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Mid-season NBA Tournament in Vegas? Adam Silver says he’ll consider it. Also talks replay system, more.

Jul 16, 2014, 9:15 AM EDT

Adam Silver Adam Silver

While in a gym on one side of Las Vegas hundreds of young men with an NBA dream try to prove they are worthy, across town the rich guys in suits — the owners — are sitting down to figure out how to make the league more profitable.

Would a mid-season NBA Tournament do that?

The long NBA season is a grind and speaking to the media in Las Vegas Tuesday NBA Commissioner Adam Silver said the owners were floating the idea around of a mid-season tournament in Las Vegas. From Steve Aschburner of

The popularity of the summer league in Las Vegas – with attendance up 25 percent, Silver said – has the league open to ideas for a greater role in the nation’s gambling capital. One possibility, mentioned without details as a brainstorm from the competition committee: A midseason tournament of some sort.

The NBA season is already 82 games leading into a two-month playoff format, so an FA Cup style tournament only works if you reduce the number of regular season games, essentially taking a mid-season break to play it. You may say “that’s a good idea” but good luck convincing owners to give up local-revenue — fewer home games lowers season ticket revenue, in-arena sponsor revenue, money generated from parking and concessions, and so on — for some centralized tournament. It’s not really feasible.

But this is another sign that, unlike David Stern at times, Silver is the kind of leader open to ideas and discussing just about anything.

Other things Silver mentioned out of the owner and competition committee meetings in Vegas:

• The NBA will test out a centralized replay system starting with WNBA games in September. However, this will work a little differently than the NHL system where the guys in the league office make the calls (on if it’s a goal or not, for example) and relay the decision to the on-ice officials. In the NBA version the league office will have in-office officials cull the replays so when the on-the-court officials walk over and flip the monitor around to look at it the league can, in theory, quickly give them the best angles to make a decision. Ben Golliver of Sports Illustrated had the direct quotes:

“Now, as you know,” Silver said in February, “the game stops, the referees walk courtside, turn the monitor around, talk to the truck, order up the replays. And I think that it’s our belief if we can get it right, that if have you officials, in essence, located at headquarters, at a central site, that that process can begin immediately, they then can communicate with the officials and that will save time.”

We’ll see if that really speeds things up, or leads to the right calls. My guess is Doc Rivers has his doubts. So do I.

• Silver said he was “moved” by LeBron James’ decision to return to Cleveland. Again Golliver of Sports Illustrated with the quotes:

“When I read his first-person account on Sports Illustrated, I really was moved by it. It says a lot about who he is, who he has become over the last four years. His statement about northeast Ohio, about hard work [and] this being about something larger than basketball and the NBA.”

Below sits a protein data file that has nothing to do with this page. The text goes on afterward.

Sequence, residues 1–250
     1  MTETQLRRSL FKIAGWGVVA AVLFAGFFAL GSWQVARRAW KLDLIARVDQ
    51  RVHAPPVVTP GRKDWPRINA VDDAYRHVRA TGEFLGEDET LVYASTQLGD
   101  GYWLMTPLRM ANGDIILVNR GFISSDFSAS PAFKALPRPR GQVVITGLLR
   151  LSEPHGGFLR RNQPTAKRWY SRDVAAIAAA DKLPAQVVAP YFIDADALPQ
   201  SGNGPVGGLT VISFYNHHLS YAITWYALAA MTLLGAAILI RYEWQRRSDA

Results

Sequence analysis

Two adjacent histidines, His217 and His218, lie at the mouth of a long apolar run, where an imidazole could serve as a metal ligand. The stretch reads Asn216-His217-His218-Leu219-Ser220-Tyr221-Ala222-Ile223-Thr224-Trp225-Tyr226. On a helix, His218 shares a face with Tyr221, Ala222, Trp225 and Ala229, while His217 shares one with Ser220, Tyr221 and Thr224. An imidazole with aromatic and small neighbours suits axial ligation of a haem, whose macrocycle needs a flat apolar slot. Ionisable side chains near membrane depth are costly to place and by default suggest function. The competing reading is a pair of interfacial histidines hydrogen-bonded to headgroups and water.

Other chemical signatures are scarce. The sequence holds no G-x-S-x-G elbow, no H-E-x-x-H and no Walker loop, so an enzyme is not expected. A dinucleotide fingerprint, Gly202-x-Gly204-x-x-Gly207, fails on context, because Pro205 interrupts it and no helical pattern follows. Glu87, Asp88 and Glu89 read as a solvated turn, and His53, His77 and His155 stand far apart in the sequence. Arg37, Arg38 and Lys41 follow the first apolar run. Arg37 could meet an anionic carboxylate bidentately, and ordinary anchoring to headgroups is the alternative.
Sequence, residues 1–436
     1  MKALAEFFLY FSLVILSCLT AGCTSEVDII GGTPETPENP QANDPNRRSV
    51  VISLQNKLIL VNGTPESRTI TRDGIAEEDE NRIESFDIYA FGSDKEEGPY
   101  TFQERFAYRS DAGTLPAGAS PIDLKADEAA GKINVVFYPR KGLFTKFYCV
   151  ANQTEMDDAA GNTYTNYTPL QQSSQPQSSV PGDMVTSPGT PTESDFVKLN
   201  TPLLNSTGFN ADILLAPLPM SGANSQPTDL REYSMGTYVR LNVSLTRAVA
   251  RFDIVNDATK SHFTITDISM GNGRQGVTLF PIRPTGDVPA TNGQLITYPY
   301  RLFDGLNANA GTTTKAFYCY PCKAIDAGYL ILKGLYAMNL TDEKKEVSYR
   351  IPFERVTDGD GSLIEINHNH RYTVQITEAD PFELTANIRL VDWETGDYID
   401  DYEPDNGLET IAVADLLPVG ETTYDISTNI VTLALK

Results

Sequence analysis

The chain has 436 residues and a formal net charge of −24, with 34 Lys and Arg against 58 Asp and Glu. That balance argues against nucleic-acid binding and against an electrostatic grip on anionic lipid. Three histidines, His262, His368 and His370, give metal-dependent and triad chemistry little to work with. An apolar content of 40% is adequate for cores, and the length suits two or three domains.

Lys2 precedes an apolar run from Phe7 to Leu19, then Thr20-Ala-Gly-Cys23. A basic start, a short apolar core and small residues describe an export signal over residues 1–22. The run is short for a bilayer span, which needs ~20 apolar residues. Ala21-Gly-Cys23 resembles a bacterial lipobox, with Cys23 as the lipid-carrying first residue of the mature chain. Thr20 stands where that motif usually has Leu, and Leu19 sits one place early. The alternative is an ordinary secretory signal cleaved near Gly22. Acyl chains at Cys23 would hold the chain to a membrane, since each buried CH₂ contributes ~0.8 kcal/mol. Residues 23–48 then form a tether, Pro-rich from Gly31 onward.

“Maybe I would have had a different feeling if he was just shopping his services to wherever he thought he could have the greatest chance of winning a championship,” Silver said. “Not that that wouldn’t have been his right. But I thought that [his choice] to go back to northeast Ohio was an exciting moment for him personally.”

• Silver said he thought the new CBA, with its emphasis on shorter contracts, has made free agency far more interesting.

• He said negotiations on a new national television deal are ongoing with the league’s existing partners (Disney/ABC/ESPN and Time Warner/TNT). He hinted another partner could be added to the mix.

• A group of minority owners for the Milwaukee Bucks was approved. No, Aaron Rodgers was not one of them, despite the rumors.

  1. phillyguyindc - Jul 16, 2014 at 9:22 AM

    That speech was filled with conjecture. To your point about the replay, the way he described it was odd. He said the central headquarters in Secaucus would key up the correct replay angles for the officials on the court and the officials on the court would make the decision. I’m not sure this would make much of a difference.

  2. balfe13 - Jul 16, 2014 at 9:28 AM

    Considering how often the cameras show the officials awkwardly standing at the monitor looking at a shot of themselves staring at the monitor, some kind of central help in finding correct angles can’t hurt.

    • usavebob - Jul 16, 2014 at 10:41 AM

      A centralized review would yield a different result in some cases as the refs, on-ste are vested in their original call. There’s also some emotion involved as well as the fact that no one likes to admit they were wrong. it all won’t work if it makes the game any longer.
      In the world cup, things moved along very quickly as they have no mechanism for quibbling….play on.

    • phillyguyindc - Jul 16, 2014 at 11:59 AM

      But are you actually cutting out any middle men? Unless the NBA HQ has a direct feed to that monitor, they still have to tell the local producer which screen shots to put up, right? And the only way the HQ knows what angles to put up is by watching whatever they see on TV unless they have feeds from all the cameras for all the games going on at once. I’m not in media at all but it seems to me that more people are in the do-loop with the way he described it.

      In the NHL, the entire review process happens remotely, not half of it.

  3. borderline1988 - Jul 16, 2014 at 9:31 AM

    They should do a mid-summer NCAA style tournament with all the summer league teams. The winning team gets to split a $5 million pot.

  4. saint1997 - Jul 16, 2014 at 9:39 AM